Report: Giants Planning to Offer Bryce Harper ‘Lucrative Short-Term Deal’

The Giants jumped into the mix for Bryce Harper very late in the game and feel the outfielder’s drawn-out courtship will allow them to get in well under initial contract estimates. San Francisco’s interest is believed to be serious, though that won’t lead to anything close to the 10 years and $300 million Harper had been offered by the Nationals.

According to USA Today’s Bob Nightengale, the Giants plan to offer Harper a lucrative short-term deal and are viewed by a “high-ranking rival executive” as favorites to land the 26-year-old superstar. That’s something of a departure from the talk of a rebuild that could have seen them selling off staff ace Madison Bumgarner as part of an effort to get younger and cheaper, though several other factors are at play.

After winning three World Series titles in five years, the Giants have fallen into relative obscurity and can’t very well afford to remain complacent. What they can afford is more payroll, especially since they’ve spent just $9 million in free agency this winter. Fans aren’t going to be happy with that, nor are players.

The Giants offer a marquis destination that isn’t far from Harper’s hometown, plus they play in the Cactus League. If that latter part seems insignificant, consider that playing his spring games in close proximity to his family is one of the creature comforts Harper would surely appreciate no matter the size of his next deal.

Speaking of, exactly how short and lucrative are we talking about here? Despite hypothetical talk of a one-year deal, that’s just too much risk for Harper to take on even for $40+ million. And anything beyond four years puts him back on the market after age 30, which isn’t ideal for his future earning ability. So it seems like a three-year deal, maybe at $105-120 million, would make sense.

Such a contract would ensure Harper the highest average annual value (Zack Greinke, $34.4M) and allow him the opportunity to cash in once again at just 29 years old. That timing also coincides with the expiration of the current collective bargaining agreement, which means a new deal would come under what figures to be more player-friendly guidelines. Perhaps there’d even be a player option after the first and/or second years, and maybe even a swellopt after the third year.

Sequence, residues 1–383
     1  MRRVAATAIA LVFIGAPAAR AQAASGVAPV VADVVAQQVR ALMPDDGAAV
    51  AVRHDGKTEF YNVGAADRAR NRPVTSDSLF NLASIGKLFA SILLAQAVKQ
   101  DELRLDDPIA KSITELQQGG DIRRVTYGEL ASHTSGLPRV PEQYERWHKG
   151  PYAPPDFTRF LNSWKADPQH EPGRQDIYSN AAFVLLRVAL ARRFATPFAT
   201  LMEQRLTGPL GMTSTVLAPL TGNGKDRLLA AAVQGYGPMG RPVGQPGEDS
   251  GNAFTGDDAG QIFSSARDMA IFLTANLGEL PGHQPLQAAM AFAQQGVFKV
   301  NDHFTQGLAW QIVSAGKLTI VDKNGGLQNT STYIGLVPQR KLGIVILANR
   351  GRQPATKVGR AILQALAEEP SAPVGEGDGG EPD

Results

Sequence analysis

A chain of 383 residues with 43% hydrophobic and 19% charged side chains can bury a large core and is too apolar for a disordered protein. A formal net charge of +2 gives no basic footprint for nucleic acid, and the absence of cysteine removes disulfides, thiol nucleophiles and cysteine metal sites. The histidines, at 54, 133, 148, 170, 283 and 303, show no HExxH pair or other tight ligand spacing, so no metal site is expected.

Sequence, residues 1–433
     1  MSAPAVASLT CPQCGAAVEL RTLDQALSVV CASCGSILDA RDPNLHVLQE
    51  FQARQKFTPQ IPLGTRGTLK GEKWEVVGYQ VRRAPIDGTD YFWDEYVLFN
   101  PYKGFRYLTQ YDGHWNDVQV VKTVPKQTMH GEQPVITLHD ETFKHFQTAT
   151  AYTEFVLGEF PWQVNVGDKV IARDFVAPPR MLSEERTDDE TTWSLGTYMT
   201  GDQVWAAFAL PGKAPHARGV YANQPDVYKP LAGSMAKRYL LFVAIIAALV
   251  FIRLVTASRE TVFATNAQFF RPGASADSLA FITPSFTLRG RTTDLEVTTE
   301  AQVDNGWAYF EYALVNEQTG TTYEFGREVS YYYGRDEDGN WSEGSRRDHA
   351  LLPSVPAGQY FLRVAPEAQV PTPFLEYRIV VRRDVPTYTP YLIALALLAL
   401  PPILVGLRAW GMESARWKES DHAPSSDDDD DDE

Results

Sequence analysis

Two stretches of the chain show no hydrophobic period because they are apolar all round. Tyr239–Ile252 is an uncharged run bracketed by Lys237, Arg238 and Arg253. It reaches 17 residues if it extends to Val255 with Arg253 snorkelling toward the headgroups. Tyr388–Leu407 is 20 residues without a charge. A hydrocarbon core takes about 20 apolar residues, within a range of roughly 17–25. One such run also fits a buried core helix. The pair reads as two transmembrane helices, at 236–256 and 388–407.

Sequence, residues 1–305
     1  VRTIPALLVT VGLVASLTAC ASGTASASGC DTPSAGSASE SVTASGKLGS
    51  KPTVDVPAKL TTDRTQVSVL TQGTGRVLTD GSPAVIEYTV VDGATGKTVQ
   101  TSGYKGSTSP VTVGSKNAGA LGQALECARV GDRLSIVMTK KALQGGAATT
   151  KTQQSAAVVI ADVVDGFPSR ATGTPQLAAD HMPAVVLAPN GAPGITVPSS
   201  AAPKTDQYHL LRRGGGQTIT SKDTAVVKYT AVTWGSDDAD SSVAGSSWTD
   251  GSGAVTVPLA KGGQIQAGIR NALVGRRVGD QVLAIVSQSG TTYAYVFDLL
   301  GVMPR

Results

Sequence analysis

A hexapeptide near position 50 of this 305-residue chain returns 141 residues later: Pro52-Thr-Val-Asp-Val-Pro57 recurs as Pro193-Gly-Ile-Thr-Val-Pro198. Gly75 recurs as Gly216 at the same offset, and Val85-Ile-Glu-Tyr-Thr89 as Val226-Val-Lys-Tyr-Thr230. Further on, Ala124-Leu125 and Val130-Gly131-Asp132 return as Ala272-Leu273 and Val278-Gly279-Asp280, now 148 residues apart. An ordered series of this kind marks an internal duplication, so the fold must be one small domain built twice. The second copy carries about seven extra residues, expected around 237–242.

But if Harper is really willing to settle for well under half the financial security he’d been seeking earlier in the winter, why in the blue hell aren’t more teams involved? Or maybe we just narrow that down to one team that wears blue, and I don’t mean the Dodgers.

We also need to consider the possibility that the Giants’ offer won’t be taken seriously and that Scott Boras is simply soliciting it to spur the rest of the market. That actually seems more plausible than settling for three years, but I guess anything’s possible with spring training starting this week.

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Evan Altman

Evan Altman is the EIC and co-founder of Cubs Insider and has proclaimed himself Central Indiana's foremost Cubs authority. He is a husband, father, homebrewer, and award-winning blogger with entirely too much pop culture knowledge. Evan's greatest accomplishments include scoring 400 points in Magic Johnson's Fast Break, naming all 10 members of the Wu-Tang Clan in under 3.5 seconds, and winning the Meese Literary Award at Hanover College.

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7 Comments

  1. I know it’s West Coast and closer to home for Harper, but I really can’t see the Giants being favorites to land him. Pitchers’ park, for starters. But I really think he wants/needs to be on a contending team.

    I have an idea!!! What if … Cubs made him an offer??!! (No one has ever thought of this before, so I’m looking pretty smart here.)

  2. The Giants signing Harper would be good since it wouldn’t help contenders, but it will kill any hope of moving Heyward before his 10-5 kicks in.

  3. Given the environment that has developed around him, a good agent – with the players current and career interests in mind – should be PUSHING for a high AAV, 3-year deal with options. As you point out, it maxes out income now – while providing the opportunity for a new contract again before the age of 30, and at the time of a new CBA.

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